• This is a pretty impressive handknit sweater for a baseball fan. I'm kinda tempted. Recognize the pattern?
  • Marlo! We had lunch after my workshop and she is just…well, it's hard to talk about her without sounding cliched. Smart! Great! Hilarious! Also, so so in tune with what crafters need to know. Since I don't work one-on-one with clients anymore (unless you're already in the Starship), I'm referring everyone to her.

And that's it for my Adventures this week – what were yours?


Another lesson  learned? I love talking to you. So now, for this month only, every one boarding the Starship gets a free jam session. We'll talk about your questions, your dreams and your plans, so you enter the Starship prepared to get exactly what you need. Offer ends (and the Starship closes to new members) on 9/14.

5 reasons people aren’t buying your thing.

This morning  I had a great conversation with some business-y friends and I just have to share it with you, because it's the kind of question that gets asked a lot in the periphery. People moan about it on Twitter, they email about it and despair. But it's something nearly everyone experiences and it's time to bring it out of the darkness and into the light.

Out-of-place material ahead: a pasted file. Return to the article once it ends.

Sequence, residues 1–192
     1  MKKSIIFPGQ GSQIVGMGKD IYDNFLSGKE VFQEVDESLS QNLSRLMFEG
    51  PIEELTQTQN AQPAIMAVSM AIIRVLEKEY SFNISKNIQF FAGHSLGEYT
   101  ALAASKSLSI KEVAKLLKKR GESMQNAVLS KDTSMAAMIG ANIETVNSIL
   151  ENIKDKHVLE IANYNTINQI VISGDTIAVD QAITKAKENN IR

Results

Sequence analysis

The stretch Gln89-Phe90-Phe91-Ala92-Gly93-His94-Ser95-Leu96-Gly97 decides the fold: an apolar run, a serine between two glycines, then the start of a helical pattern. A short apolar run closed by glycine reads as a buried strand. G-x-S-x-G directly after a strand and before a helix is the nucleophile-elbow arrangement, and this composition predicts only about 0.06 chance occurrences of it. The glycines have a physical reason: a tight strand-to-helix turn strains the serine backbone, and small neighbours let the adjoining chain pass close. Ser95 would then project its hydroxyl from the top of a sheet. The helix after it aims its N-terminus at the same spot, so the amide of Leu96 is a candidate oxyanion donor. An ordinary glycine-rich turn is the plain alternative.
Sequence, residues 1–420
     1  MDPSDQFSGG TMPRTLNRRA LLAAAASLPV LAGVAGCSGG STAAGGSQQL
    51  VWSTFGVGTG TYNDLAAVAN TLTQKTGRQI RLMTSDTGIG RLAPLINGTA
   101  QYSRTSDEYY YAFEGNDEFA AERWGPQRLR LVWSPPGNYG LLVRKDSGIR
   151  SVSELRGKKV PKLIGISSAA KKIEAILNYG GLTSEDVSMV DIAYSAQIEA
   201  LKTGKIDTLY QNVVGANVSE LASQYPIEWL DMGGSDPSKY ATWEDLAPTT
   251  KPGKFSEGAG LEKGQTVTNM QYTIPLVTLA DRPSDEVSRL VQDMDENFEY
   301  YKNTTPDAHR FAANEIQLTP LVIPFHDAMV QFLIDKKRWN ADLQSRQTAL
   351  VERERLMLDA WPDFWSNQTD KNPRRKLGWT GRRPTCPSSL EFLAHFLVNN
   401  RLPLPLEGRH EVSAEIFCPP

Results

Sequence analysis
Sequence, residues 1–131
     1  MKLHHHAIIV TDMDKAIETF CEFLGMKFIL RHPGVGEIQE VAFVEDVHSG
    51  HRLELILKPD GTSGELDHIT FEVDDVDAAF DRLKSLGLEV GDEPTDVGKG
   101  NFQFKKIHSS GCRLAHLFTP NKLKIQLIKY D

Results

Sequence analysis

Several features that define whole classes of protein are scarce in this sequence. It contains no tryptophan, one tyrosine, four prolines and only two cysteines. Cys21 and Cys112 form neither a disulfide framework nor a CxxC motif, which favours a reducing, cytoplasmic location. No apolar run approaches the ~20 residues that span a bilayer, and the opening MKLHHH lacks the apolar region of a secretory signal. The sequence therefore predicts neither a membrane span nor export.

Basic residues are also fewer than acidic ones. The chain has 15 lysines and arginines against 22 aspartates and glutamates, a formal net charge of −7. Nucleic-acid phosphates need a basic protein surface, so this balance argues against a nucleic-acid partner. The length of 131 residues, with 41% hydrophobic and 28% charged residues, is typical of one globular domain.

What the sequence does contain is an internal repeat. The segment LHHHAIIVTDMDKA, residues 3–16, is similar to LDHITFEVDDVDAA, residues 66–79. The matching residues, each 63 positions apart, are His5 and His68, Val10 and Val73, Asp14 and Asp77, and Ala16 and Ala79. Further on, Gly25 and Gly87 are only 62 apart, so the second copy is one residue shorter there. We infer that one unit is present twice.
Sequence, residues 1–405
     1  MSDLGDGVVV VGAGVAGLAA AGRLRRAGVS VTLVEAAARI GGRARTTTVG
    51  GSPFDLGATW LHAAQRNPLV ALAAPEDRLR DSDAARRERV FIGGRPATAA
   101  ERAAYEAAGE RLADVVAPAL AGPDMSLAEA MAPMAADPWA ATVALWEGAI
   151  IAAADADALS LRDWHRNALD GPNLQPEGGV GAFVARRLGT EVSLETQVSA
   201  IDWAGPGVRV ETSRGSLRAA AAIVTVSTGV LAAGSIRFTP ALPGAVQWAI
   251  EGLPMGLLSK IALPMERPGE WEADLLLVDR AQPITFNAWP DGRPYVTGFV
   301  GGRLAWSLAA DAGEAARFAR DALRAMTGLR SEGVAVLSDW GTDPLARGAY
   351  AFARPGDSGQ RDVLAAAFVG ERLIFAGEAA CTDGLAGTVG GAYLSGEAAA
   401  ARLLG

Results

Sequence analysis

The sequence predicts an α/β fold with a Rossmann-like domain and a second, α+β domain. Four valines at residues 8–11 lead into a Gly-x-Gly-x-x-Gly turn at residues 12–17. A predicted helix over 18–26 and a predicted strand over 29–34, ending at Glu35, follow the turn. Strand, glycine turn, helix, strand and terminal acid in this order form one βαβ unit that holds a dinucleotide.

It's the Cricket Launch.

It's when people we love and admire have this experience we've seen over and over: super smart people create a program, a product, a service and they work hard on it, and then they launch it…to crickets. Nothing. No sales. Why?

Here are some of the reasons I've spotted in real life Cricket Launches:

  • You don't have a business, you have a Thing you're into (a hobby, an idea, a passion) and you offer something that doesn't help anyone with anything they care about. You don't have a system in place to support the product, or for telling people about it, or for continuing to interact with it. (You can just announce: I have this thing! and expect it to continue to sell.)